We were lucky enough to interview one of the most prominent figures in the Lebanese hip hop scene — DJ Lethal Skills!  Hear his story — from falling in love with music at a young age in shelters during wartime, to recently releasing his sophomore album in which he collaborated with over 29 artists from all over the world, his tale is inspiring to hear.

When/how did you start DJing and producing? How did you learn?

Salam! My musical journey goes back to when I was a little kid sitting in shelters with my mom and dad in Beirut during the first Israel invasion to Lebanon around 1982. My parents used to play music for us and sometimes play live instruments like Oud to distract us from the sound of war upstairs. That being said, it kind of impacted me throughout my whole life — music became my escape. I started b-boying (breakdancing) at the age of 8 messing around and dancing with some kids on the streets. That was the time around the boom of movies such as “Breakin’” and “Turbo and his Broom Dance”. One day, I saw Herbie Hancock’s “Rock it”  TV and saw  Grandmaster DST starts moving the record on the turntable back and forth and thought that the sound was FRESH! So that was the spark for me to wanting to become a DJ.
From the age of 11, I started as a school DJ using tapes. I then began playing at house parties, and eventually the radio. I was one of the youngest radio DJ’s in the city at the age of 13. Though I was not allowed to work in a club due to my age, I used to slip from back doors to clubs at the age of 15 to DJ.  I got into turntables and learned the art form of using the turntables to manipulate the music, and found that it was also a way to express myself

My experience with production stems from my turntabalism days as well. Turntabalism taught me how to reproduce sounds live using the records by juggling and scratching and such. In 1995, I got back to Lebanon after a trip to Africa and hooked up with some local talents and we started imitating western hiphop music until we started representing our own sound, issues and culture in our music. We were growing up in parallel and learning more and more about the power of hiphop music and what it can do, beyond the kick and snare and heavy bass lines.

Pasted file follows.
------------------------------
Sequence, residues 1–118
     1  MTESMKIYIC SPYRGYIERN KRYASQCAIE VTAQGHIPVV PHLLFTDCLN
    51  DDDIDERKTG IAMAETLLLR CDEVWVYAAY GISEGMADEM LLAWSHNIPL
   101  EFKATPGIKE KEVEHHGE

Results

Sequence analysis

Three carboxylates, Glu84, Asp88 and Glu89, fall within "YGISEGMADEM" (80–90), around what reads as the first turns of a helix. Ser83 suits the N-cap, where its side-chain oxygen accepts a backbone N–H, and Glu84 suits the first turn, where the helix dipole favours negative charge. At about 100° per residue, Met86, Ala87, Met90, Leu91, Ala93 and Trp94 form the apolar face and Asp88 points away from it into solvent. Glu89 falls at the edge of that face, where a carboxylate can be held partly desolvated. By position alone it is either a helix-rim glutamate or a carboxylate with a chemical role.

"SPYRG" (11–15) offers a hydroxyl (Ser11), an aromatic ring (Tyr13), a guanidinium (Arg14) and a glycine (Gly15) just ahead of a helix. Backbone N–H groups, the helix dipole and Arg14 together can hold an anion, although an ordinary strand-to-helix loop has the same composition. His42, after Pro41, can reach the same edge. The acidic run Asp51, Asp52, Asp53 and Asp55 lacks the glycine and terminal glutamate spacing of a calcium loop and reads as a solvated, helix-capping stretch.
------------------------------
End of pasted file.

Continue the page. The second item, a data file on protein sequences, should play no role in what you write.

You’ve had the opportunity to work with artists from all over the Middle East. Which countries did you find to be the urban music scene particularly striking?

From my personal experience and involvement in the hiphop scene since 1994 in this region (excluding North African countries), Lebanon was one of the first initial Arab countries who was actively involved in the MC’ing art form from early 90′s given the migrations of Lebanese people due to the long civil war that it went through and lots of the youth coming back when situation cooled down, introducing hiphop to Lebanon. Also in Lebanon, we speak 3 different languages: Arabic, French and English — so that give the artists here a plus to express and tackle a wider audience. Also rap in Fous-ha, which is the standardized Arabic dialect, (we call it Fous-Hop) started in Lebanon around 1997. As for DJ & Turntablism, Lebanon & Egypt had official representation of the DMC & ITF battles around Mid 90′s. Graffiti in Arabic in Lebanon is heavy and very advanced; they also developed all out Arabic wild styles graffiti (real dope!). As for b-boys the gulf region is leading especially Oman & U.A.E, and I can definitely say that they are fit to compete internationally.

Who are your influences, production wise?

J Dilla, DJ Premiere, DJ Kno of Cunninlynguists, Stoupe the Enemy of Mankind, Scott Storch, Just Blaze, Q Tip, Pete Rock, RZA, Dre, Alchemist, and Prince Paul.

You’ve had the opportunity to meet many international artists and producers. Which ones did you enjoy your time with most?

Each was a blessing and a great memory — but off the top of my head, Dead Prez, The Last Poets, Posdnuos (Of De La Soul), Bootie Brown (Of The Pharcyde), DJ Q-bert, DJ Akakabe & Co-ma, DJ Cut Killer, and Timberland.

Your bio also mentions that you are a music tutor. What do you teach?

I teach turntablism & DJ Courses. I try to keep the turntable & vinyl culture alive as it’s my passion and definitely would love to see upcoming generations still at it and taking it to the next level.

What projects should we be looking forward to?

I just released my sophomore album recently titled “Karmageddon“. It features 29 artists from around the world — you can check it out and order it by mail or digitally through http://www.forwardmusic.net/music/karmageddon and  it’s also on iTunes and most online music retailers out there.
Peace to Multiverse!

You can purchase “Karmageddon” from the following link:


Follow DJ Lethal Skillz on twitter @djlethalskillz

Don’t forget to hit us up @MideastDynasty & let us know what you think!